BIER members collaborated in developing and pilot-testing a decision support tool with a representative set of global beverage facilities. The working concept is that for every defined impact or dependency that a beverage facility has within a given basin, an associated performance expectation could be defined.

Pilot Test Insights
Based upon the initial pilot test, BIER is evaluating key insights gained that will drive further development, refinement, and collaboration efforts. The following are examples of these insights from the pilot test:

  • Context-based thinking provides an important, fresh, and holistic perspective on basin conditions, which leads to more informed decisions on potential actions, investments, and collaborations.
  • Basin-specific data is not consistently or readily available globally, including fundamental data such as water use by domestic, agriculture, and industry user types.
  • The dynamic and local nature of basin conditions requires an agile approach to effectively instill context-based decision-making for global companies operating in hundreds of local contexts. The challenge is defining an approach that prioritizes the most meaningful investments in a manner that balances available basin expertise, alignment with company-specific risk management and corporate planning processes, and day-to-day operational realities at the facility level.

Path Forward
BIER plans to publish additional insights from their work on Performance in Watershed Context in 2017, and will continue to collaborate with leading organizations active with context- and science-based target setting.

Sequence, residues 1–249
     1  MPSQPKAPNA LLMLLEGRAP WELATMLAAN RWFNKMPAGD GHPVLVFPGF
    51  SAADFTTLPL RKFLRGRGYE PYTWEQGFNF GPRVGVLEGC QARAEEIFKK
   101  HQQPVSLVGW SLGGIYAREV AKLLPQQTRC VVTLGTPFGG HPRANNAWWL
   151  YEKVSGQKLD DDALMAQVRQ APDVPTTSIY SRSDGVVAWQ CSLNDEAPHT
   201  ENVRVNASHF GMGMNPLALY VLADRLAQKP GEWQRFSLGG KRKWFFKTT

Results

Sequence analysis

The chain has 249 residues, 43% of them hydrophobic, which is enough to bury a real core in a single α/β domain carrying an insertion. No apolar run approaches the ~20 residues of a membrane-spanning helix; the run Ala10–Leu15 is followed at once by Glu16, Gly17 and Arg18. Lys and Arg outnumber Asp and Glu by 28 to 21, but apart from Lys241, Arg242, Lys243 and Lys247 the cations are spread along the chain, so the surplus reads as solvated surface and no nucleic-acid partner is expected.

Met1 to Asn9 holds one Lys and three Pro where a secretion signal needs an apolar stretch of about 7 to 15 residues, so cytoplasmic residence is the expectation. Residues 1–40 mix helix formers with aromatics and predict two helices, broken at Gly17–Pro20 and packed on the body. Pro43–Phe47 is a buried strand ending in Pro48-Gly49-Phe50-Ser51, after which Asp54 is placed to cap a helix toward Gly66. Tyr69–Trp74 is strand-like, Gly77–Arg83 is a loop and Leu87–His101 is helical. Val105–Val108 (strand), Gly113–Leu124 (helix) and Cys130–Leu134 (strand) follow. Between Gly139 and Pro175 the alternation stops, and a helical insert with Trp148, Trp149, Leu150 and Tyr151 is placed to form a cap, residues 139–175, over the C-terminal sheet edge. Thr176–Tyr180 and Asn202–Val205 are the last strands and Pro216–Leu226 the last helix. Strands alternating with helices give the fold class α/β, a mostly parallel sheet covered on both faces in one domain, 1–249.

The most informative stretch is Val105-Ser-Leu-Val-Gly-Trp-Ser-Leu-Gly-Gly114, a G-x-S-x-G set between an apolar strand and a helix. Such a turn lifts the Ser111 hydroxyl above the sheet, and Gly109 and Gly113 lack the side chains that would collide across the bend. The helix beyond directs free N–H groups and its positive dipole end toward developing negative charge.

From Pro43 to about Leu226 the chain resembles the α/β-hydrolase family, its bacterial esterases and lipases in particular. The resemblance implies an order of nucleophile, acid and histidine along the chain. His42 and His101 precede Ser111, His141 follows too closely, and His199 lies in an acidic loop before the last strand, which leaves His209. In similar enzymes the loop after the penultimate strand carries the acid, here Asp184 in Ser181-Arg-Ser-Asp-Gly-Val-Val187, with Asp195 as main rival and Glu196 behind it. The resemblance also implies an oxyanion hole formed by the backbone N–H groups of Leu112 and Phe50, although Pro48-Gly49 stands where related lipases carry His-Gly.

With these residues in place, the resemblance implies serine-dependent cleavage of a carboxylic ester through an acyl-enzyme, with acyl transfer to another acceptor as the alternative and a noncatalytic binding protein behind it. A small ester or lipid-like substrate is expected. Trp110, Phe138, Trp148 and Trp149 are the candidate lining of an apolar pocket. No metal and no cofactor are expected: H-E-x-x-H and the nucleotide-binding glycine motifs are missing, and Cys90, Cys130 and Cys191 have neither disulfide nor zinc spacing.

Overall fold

Comparability to CBWTs
The aim of BIER’s decision support tool and CBWT are slightly different. Both look at basin conditions. BIER’s approach is focused on how a facility is dependent upon and impacts the basin while CBWT focuses on how a facility’s water use, combined with that of other water users, contributes to basin sustainability. The CBWT approach complements BIER’s decision support tool because it provides guidance for companies to set more meaningful facility-specific metrics and corresponding targets. Together, the two approaches will help companies ensure that their performance continues to improve basin conditions.

drawing of a watershed
Image sourced from the Michigan Sea Grant, An Introduction to Michigan Watersheds: A Guide for Teachers, Students and Residents
  1. CDP (2016). 2016 Annual Report of Corporate Water Disclosure: Thirsty Business: Why water is vital to climate action. Available at
  2. Center for Sustainable Organizations (2016). Context-based sustainability (CBS). Further information and resources are available at
  3. Putt del Pino, S., et al. (2016). From Doing Better to Doing Enough: Anchoring corporate sustainability targets in science. WRI and Mars Inc. Available at Putt del Pino, S., et al. (2016). From Doing Better to Doing Enough: Anchoring corporate sustainability targets in science. WRI and Mars Inc. Available at
  4. For more information on the Beverage Industry Environmental Roundtable (BIER) see: http://www.